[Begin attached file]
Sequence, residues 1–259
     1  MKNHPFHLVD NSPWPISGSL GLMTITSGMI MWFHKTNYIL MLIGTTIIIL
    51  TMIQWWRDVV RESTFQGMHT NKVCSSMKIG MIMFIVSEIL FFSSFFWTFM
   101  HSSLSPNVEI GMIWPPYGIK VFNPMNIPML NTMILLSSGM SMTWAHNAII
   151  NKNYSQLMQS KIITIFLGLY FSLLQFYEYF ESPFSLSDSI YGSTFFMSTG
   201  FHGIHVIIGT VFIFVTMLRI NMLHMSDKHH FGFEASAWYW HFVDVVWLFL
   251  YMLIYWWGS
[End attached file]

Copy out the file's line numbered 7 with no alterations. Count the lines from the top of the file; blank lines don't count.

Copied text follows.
   251  YMLIYWWGS